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Posted on November 22, 2011 by  & 

Energy Harvesting USA keynote presentations part one

This article, published in two parts, gives an overview of the Keynote presentations at Energy Harvesting USA 2011 conference held in Boston, MA last week. Leading innovators and adopters of energy harvesting and wireless sensor technologies discussed solutions, challenges and needs that will promote further adoption of energy harvesting in different verticals.

Ford - VOLVO

After Raghu Das opened the conference with an overview of the state of the energy harvesting market in 2011 and its forecasted growth, Clay Maranville from the FORD Motor Company provided attendees with a range of considerations that guided FORD through the development of thermoelectric generators for their vehicles, looking at waste heat recovery as part of the company's strategy on sustainable transportation.
Energy efficient transportation is becoming more and more imperative, both due to the increasing number of vehicles (car ownership in china is expected to reach 230M by 2030) as well as the increasing price of fossil fuels, making the development of ways to decrease wasted energy a necessity, both from an economic as well as an environmental standpoint.
Reducing total fuel consumption, weight and cost compared to an alternator/battery system would be the ideal way to implement thermoelectric energy generation. Replacing the alternator completely is a very challenging approach though so, at this point, supplementing it is a much more viable option. Recovering waste heat without interfering with the rest of the systems on the vehicle was a central development consideration and results on a vehicle demonstrated the recovery of around 275W at cruising speed.
Clay also briefly touched on wireless vehicle sensors, with considerations including the potential elimination of 1500 different types of wires, (over 4km in length, 40kg in weight) with reduced cost, weight and improved long term durability wireless solutions.
Michael Balthasar from the Volvo Group continued in a similar vein, focusing more on commercial vehicles rather than passenger cars, where fuel efficiency is also a top priority. The thermodynamic Rankine cycle approach is currently preferred due to higher efficiencies but thermoelectric generation is also important, where considerations at Volvo include lower cost, higher efficiency, and use of non-toxic materials. Such developments would make thermoelectric generation a preferred option.
Cost considerations are also important in the wireless sensors space, making sure that product, manufacturing as well as development & maintenance costs are reduced. Signal interference and cross communication have to be avoided at all costs and equally importantly, security of wireless communications is a high priority, making sure it is implemented with minimal energy consumption.

The Marketing Store

On a totally different sector, Warren Kronberger from The Marketing Store discussed the interest in the energy harvesting space from the perspective of a marketing company. Promotional toys incorporating electronics and interior design furniture are some of the types of products available from The Marketing Store that would benefit from energy harvesting technologies. Some of the bespoke toys incorporate proximity and sound sensors, currently utilizing batteries but energy harvesting could potentially lead to an enhanced role playing experience. Some interactive electronic toys (first introduced in 2003) are at times deployed in very large volumes of over 30,000,000 units in the space of a month and so, the overall opportunity in terms of harvesters necessary could be significant. For adults, harvesting ambient energy would make sense in retail applications, in order to power products incorporating interactive elements in their packaging, POP and window displays and signage or even incorporated into components of the final product. Warren also commented that safety concerns are quite relevant in this space, due to the close proximity and increased interaction of the consumer with these types of products (e.g. avoiding lead and other toxic materials, the disposal of electronic waste).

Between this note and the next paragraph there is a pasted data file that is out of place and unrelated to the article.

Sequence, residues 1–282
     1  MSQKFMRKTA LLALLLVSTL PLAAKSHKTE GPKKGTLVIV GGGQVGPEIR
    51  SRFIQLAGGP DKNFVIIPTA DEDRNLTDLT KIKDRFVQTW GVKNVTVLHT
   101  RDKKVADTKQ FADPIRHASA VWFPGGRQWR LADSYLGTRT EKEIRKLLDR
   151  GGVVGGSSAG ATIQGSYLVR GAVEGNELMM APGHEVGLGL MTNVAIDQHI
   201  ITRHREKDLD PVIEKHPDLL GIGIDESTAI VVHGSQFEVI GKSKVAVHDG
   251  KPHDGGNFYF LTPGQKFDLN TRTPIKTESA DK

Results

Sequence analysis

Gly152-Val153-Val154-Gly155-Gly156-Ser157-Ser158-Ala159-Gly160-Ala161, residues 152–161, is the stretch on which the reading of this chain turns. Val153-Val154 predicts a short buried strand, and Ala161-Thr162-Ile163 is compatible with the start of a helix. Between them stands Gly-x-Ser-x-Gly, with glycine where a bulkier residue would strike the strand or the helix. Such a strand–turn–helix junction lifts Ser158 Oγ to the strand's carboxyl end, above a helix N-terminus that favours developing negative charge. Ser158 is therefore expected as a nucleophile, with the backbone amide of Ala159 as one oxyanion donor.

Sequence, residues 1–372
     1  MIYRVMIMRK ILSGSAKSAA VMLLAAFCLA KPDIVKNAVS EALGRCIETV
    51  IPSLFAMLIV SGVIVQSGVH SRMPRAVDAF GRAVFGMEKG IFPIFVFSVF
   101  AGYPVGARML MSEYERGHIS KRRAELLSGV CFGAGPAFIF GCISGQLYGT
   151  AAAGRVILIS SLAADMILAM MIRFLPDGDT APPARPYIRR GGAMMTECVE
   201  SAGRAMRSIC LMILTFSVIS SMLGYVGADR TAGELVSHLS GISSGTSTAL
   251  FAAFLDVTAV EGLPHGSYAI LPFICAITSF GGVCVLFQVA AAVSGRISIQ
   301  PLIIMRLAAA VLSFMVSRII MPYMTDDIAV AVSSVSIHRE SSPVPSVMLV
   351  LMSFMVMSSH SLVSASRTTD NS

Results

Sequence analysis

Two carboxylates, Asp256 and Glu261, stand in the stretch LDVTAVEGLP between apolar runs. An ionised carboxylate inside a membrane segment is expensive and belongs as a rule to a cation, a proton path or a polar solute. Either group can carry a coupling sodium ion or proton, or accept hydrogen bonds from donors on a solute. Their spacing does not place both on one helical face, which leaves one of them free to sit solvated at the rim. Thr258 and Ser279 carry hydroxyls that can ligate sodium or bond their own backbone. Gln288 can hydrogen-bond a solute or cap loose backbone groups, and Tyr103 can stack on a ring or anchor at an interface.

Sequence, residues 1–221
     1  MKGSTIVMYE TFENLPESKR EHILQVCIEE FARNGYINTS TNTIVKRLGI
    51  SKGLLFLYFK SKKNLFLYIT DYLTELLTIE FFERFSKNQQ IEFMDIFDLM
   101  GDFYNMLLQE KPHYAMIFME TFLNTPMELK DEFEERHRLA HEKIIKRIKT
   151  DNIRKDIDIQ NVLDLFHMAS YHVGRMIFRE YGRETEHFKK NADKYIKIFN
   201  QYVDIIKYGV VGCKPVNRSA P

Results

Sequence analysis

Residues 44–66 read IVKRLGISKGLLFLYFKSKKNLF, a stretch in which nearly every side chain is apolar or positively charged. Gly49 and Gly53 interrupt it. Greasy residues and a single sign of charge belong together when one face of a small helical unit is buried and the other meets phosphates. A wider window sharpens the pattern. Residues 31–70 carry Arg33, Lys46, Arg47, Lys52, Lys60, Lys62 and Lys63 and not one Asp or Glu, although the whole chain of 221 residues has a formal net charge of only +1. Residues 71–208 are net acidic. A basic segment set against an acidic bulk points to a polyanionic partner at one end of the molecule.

Philips Research

Dr Kars Michiel Lenssen from Philips Research Laboratories discussed electronic skin development, in collaboration with HP, and its power requirements in autonomous devices. Electronic skin describes the change of the appearance of surfaces electronically and remotely, with large size examples including smart windows and electronic wall paper(managing lighting, privacy, temperature, etc). In principle this application sounds very interesting but consumers become less enthusiastic when being faced with the potential of many more wires/cables and increased electricity bills. Hence, energy harvesting and wireless solutions are the main type of approach that would make sense in this space. Electrophoretic displays are one approach, being able to easily control transmission rates from 0 to 70% with 5 levels of grayscale in between with low power consumption (zero power consumed to maintain dark state, nanoWatts to maintain transparent state, milliWatts during changing states). The size of implementation ranges from portable electronics personalization all the way to potentially changing the colour of one's entire home depending on weather conditions and whether one would desire to keep a building warmer or cooler.
Dr Lenssen also announced for the first time HP's development of a different technology, based on electrokinetics. The electrokinetic panels are manufactured on a roll to roll process and can also operate with very little power provided, whether by indoor PV or RF power.

Authored By:

Principal Analyst

Posted on: November 22, 2011

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